Like their commercial brethren, you can see a kind of restless desire among the major open source WCM projects to go "up-market," by making their systems more enterprise-friendly -- and by extension more complicated
A CMS that rarely needs any introduction – Joomla! – has recently launched a framework with the goal of letting developers "...combine Joomla! features with the features from other open source Web Content Management Systems to build their own CMS or app."
Apache Cordova, the open source hybrid app development environment, has released a new version (3.3.0 for those tracking it). This release fixes a lot of bugs for Android, Windows and Blackberry devices. More importantly, it also now supports Ubuntu Touch and Amazon's Fire mobile operating systems
A key question arises: if you develop your mobile application using web technologies and use Cordova to wrap it, why license Oracle ADF Mobile, IBM Worklight, Adobe or one of the other commercial vendors in the first place instead of using Cordova directly?
RSG subscribers and consulting clients often ask me for a recommendation on a content management conference. I have to admit: there aren’t that many CMS/WCM-focused shows left these days. But one of them is a three-day CMS Expo, set to commence on May 14 in Evanston, Illinois.
Some common arguments against cloud-based services in general -- and cloud-based file sharing services in particular -- revolve around the security implications of your files getting stored outside your firewall.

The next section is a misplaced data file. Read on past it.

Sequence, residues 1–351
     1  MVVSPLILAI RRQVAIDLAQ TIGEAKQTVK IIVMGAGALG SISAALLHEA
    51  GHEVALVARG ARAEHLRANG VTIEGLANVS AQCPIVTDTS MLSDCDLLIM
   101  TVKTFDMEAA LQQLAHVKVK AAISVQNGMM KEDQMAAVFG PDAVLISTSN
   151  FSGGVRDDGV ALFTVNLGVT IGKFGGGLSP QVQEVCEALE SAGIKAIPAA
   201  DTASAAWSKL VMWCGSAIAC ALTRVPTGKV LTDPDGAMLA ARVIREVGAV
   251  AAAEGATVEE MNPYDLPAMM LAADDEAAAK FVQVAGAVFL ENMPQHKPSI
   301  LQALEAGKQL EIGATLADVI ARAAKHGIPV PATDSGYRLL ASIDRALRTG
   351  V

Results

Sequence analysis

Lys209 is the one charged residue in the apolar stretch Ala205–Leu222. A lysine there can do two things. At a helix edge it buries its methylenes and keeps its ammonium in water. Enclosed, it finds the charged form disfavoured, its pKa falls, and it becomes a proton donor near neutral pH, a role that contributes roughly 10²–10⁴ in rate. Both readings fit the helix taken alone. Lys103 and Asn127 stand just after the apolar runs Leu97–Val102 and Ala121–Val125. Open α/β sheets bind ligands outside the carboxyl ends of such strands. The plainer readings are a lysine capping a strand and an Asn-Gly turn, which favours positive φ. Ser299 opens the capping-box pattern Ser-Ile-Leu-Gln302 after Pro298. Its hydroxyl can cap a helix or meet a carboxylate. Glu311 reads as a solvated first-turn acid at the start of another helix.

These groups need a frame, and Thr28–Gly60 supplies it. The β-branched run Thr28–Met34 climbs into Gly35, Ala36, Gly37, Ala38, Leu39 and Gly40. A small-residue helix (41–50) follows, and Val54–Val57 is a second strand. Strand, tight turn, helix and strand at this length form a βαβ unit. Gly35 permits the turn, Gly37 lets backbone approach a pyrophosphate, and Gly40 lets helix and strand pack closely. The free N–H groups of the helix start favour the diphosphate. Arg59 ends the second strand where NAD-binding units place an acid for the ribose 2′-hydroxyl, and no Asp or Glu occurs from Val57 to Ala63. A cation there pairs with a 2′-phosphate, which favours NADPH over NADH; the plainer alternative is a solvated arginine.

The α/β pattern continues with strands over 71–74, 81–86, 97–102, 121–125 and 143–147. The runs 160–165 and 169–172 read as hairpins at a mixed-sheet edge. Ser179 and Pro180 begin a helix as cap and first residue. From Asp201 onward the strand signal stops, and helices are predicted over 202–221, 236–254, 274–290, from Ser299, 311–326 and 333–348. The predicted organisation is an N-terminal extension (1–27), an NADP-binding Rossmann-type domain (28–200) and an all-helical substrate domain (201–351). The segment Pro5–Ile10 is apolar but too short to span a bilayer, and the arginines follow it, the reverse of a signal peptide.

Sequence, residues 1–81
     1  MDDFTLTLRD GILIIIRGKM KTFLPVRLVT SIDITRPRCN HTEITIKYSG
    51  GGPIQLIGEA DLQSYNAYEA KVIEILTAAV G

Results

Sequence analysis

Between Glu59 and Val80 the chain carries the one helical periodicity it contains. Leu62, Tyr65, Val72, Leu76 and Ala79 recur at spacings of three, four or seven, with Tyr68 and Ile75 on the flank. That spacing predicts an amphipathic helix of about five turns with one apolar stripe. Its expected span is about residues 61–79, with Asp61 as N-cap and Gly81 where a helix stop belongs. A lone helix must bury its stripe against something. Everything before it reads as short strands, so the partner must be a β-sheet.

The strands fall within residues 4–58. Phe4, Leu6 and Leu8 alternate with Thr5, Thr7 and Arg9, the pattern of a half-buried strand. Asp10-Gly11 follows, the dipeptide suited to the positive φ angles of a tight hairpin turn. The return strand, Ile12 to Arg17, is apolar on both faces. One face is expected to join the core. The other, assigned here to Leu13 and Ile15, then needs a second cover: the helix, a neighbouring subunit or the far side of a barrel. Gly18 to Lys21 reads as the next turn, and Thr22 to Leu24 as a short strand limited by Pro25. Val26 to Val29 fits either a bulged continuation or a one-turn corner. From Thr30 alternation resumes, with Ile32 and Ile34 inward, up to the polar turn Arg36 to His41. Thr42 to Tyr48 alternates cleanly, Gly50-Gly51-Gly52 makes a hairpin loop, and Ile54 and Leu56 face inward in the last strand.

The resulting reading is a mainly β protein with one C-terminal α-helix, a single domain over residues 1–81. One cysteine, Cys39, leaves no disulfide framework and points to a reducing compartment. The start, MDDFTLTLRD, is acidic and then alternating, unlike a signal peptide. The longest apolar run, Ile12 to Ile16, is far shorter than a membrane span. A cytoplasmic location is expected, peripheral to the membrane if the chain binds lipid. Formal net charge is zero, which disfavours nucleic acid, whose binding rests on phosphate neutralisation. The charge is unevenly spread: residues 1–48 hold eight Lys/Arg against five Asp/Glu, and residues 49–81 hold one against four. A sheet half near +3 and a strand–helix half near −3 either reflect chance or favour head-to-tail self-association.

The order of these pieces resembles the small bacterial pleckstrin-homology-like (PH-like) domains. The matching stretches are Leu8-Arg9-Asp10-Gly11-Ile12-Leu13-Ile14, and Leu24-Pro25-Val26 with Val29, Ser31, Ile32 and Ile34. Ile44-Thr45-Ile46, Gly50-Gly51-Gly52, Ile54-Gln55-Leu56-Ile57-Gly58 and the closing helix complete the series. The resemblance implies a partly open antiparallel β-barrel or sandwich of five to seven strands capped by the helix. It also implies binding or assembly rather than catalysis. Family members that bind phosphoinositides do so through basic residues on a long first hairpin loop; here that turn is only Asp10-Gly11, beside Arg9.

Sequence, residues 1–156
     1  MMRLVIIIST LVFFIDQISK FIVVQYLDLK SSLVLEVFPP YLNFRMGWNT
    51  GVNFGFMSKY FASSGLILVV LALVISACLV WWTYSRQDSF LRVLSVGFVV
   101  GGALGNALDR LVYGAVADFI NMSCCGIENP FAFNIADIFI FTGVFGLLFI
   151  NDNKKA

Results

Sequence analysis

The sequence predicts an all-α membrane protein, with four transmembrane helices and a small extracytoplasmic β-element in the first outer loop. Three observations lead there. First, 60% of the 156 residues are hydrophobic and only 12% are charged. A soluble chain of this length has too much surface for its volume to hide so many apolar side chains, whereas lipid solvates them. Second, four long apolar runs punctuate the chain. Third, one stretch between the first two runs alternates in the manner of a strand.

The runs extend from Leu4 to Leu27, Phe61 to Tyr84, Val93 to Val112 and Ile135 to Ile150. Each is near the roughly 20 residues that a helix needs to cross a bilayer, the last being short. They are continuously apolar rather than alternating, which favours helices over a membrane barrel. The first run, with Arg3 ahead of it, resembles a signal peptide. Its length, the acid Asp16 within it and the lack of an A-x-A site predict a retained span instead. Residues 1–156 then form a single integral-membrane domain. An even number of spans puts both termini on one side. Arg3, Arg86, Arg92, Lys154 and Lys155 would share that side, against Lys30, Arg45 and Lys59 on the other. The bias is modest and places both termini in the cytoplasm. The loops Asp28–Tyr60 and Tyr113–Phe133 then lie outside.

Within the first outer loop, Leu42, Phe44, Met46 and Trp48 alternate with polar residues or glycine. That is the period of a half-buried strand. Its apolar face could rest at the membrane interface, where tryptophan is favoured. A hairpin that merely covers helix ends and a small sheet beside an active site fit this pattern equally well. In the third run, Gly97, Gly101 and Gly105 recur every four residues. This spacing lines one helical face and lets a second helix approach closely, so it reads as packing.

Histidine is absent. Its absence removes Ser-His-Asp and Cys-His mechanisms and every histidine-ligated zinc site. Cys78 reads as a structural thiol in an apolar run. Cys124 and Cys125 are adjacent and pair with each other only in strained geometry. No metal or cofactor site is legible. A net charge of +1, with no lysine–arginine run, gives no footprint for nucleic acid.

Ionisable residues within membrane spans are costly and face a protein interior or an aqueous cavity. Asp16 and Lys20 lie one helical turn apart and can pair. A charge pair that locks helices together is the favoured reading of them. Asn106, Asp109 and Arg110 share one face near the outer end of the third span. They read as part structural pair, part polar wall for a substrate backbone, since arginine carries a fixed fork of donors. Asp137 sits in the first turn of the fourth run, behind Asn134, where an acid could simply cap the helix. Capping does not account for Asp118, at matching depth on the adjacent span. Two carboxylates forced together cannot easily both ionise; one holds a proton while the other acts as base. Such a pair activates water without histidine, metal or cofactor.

A typical argument goes like this
Portals Research Updates to WebSphere, WebCenter, Red Hat, SAP, Backbase, eXo, Liferay, Plone, and OpenText
Last week, we released Version 10 of our Enteprise Portals and Content Integration evaluation research
Security is a touchy subject in the Web CMS world in general and very touchy in particular among open source WCXM projects, since open source platforms are frequently accused (often unfairly) of being inherently insecure by dint of their more open development models.
So it's been interesting to watch some Plone adherents contrast their platform's security profile to that of some major competitors
When Microsoft began releasing betas of Internet Explorer 9 in 2010, Redmond's huge global user community quickly started uncovering various strengths and weaknesses of the new version. One demerit quickly emerged that still hasn't completely gone away: IE9 doesn't play well with certain versions of the popular rich text editor ("RTE") TinyMCE as well as its main competitor, FCK/CK
Today we updated our Enterprise Search evaluation stream, specifically with updates to two key platforms
If you've not seen the UK show (or the local variants that exist in the US, Australia, and Germany), one of the regular features is to set a timed lap in a vehicle as part of a review. Same track, same(ish) driver, and therefore a reasonable comparison on performance.
There are some lessons here for technology buyers.
The search market has similar, if distinct challenges to address right now
Experienced web professionals know that with content management systems there is no such thing as an easy upgrade. Upgrades have the potential to affect your existing customizations, plug-ins, and integration code. They can turn a perfectly healthy implementation into a dysfunctional and embarrassing work-in-progress
When we recently updated our "Vendor Subway Map" to include our latest research streams -- Digital Marketing and Broadcast/Media Asset Management - there was some comment as to how we place open source projects amongst commercial vendors
We just released version 21.1 of our Web Content and Experience Management (WCXM) Evaluation Stream today, in which we’ve updated several evaluations and added two new WCXM vendors to the list